Microsoft Access also identifies two other fields that help associate the data to the category and roster type, but they should not be changed directly. The Creature Library does not need Microsoft Access to function. Data is stored to the Microsoft Access Database file (Creature Library.mdb) every time a field is modified. This assures that no data can be lost by the user forgetting to save a file.

How’s the Interface?

[Entering Data]

Image 2: Bill Gant’s Blackspawn creature detailed.

The main screen breaks into six regions:

  1. The large block of text on the left-most side is the Statistics Area. It breaks down into three "pages" of information. Fields 0 through 9 are on the first "page" with the description and fields 11 through 20 are on the second page. Somehow Field 10 does not appear on the Creature Database layout, but it is in the Microsoft Access Database, and can be modified or left blank like all the other fields. It is interesting to note that there are 21 fields and the Description (Field0-Field20+Description) listed in the Microsoft Access Database.
  2. The topmost block of text on the right-most side is the Name Area. It is a 48-character field allowing you to name the creature that the Statistics define.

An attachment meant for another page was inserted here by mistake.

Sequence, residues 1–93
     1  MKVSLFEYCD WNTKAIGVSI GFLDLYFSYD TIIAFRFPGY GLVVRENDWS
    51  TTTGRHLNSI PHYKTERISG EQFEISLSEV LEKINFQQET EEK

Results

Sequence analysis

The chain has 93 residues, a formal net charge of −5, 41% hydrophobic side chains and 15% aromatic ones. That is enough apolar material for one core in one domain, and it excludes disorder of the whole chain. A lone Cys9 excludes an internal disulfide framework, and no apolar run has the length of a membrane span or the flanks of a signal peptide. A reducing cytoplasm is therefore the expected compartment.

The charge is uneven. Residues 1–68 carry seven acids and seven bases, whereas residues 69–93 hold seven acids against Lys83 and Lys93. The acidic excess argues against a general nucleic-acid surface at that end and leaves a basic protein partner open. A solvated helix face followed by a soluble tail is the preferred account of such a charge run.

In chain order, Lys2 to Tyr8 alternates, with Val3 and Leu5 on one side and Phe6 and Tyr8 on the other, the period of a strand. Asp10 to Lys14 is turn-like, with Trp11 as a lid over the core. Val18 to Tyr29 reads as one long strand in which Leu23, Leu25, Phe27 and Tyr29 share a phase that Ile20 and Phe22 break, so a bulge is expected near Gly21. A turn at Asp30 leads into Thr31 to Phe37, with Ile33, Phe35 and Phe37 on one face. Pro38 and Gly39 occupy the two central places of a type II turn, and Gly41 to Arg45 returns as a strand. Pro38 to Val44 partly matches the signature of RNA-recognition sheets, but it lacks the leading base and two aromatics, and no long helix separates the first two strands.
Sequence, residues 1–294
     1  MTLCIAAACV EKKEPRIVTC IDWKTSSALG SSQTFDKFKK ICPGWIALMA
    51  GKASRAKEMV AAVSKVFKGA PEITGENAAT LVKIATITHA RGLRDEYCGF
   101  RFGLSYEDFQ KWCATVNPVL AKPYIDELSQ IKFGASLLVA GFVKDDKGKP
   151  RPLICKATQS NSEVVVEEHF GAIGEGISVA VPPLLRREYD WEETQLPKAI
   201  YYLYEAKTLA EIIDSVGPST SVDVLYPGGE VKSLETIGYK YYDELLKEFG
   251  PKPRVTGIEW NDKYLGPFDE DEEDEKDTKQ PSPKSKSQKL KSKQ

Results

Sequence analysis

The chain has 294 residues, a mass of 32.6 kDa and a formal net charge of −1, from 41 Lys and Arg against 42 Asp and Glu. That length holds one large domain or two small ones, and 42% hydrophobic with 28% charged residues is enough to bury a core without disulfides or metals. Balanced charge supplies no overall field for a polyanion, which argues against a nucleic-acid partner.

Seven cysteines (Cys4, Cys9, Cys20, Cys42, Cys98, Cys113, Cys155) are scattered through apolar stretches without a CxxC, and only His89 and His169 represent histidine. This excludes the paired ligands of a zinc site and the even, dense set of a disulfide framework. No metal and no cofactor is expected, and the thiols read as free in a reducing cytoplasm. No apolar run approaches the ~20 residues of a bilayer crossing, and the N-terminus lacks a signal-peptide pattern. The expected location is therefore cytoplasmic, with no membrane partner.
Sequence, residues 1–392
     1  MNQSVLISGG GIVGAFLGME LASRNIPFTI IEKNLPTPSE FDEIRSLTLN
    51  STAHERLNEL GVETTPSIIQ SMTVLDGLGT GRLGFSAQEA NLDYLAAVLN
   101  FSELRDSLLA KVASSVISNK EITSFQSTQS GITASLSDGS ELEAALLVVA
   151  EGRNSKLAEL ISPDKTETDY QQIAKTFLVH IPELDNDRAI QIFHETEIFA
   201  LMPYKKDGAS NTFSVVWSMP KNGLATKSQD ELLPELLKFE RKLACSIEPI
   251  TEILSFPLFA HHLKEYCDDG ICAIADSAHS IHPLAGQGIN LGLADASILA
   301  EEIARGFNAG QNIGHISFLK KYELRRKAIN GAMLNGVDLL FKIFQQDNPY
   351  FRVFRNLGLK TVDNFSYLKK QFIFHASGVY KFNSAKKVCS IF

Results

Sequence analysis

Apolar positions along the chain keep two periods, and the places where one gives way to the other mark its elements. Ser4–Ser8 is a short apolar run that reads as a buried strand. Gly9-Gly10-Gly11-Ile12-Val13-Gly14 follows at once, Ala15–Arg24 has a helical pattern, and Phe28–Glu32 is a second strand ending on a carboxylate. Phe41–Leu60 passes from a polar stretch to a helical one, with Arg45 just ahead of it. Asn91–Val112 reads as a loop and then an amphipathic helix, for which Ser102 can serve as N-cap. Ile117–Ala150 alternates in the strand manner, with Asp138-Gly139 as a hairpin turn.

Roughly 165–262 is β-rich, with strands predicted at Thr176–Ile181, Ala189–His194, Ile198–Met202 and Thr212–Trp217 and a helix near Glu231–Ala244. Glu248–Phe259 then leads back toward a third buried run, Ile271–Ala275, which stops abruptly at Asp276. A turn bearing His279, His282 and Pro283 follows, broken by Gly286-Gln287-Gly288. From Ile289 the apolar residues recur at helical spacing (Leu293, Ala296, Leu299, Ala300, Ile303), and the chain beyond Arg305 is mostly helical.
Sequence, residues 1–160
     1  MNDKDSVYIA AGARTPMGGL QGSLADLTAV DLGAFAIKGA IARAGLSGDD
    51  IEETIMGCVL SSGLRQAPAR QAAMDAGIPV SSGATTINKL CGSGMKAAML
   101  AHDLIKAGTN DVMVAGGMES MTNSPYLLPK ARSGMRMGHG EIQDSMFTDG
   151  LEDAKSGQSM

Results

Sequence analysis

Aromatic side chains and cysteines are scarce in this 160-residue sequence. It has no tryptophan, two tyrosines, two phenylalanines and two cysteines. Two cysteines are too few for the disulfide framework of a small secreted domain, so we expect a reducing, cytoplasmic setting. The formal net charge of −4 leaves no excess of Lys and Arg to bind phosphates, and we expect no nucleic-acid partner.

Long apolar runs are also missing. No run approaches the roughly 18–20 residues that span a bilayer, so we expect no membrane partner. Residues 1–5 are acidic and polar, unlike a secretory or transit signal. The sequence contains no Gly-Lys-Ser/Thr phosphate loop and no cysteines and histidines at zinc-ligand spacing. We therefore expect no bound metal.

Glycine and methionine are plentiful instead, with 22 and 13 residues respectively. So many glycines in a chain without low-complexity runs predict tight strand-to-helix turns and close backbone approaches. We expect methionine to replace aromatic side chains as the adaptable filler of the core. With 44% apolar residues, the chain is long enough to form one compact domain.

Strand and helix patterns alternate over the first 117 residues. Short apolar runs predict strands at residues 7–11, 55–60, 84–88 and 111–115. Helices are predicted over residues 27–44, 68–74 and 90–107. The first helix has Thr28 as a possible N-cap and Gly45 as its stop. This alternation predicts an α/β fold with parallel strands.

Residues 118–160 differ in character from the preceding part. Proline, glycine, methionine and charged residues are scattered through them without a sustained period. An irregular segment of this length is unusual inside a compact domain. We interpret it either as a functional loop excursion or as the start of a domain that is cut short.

3. The next block down is the Category Area. This allows you to organize your creatures by a more general topic – Bill Gant’s Mythical Beasts, Horses and Dogs. Some care must be made when modifying the name of the category or deleting it. If you click on the X (delete button) in the category box, all creatures in that box will be deleted.
  4. If you click on the lock, (it appears depressed) when you change the category, the creature currently displayed is copied into the newly selected category.

  5. The next block down is the Roster area. This allows you to organize your lists to create custom lists of creatures for modules or wandering monster tables. The buttons in this box only apply to the Roster category and not the Categories or Creatures recorded within.
  • Add: Adds the creature currently being viewed to the roster
  • Remove: Removes the selected creature from the current roster.
  • Clear: Clears the roster.
  1. The sixth area is hidden. If you move your mouse over the label "Creature Library v1.0" three menu items are revealed.

[Hidden Menu]

Image 3: Page II displayed showing the Hidden Menu

This offers the ability to:

  • Screen: Hides all the text data, showing only the picture (if there is one) for the current selected monster, and its name.
  • Help: Launch notepad to view the Help
  • Exit: Exit the program.

Something Seems Missing…

After an afternoon of playing with the program I had all of Bill Gant’s Mythical Creatures in the program and began working on the various types of horses and dogs in the world of Harn. It was then that I realized one very special topic was not mentioned in the Help file, nor visible in the interface. There is no way to use the Creature Library to print the Creatures.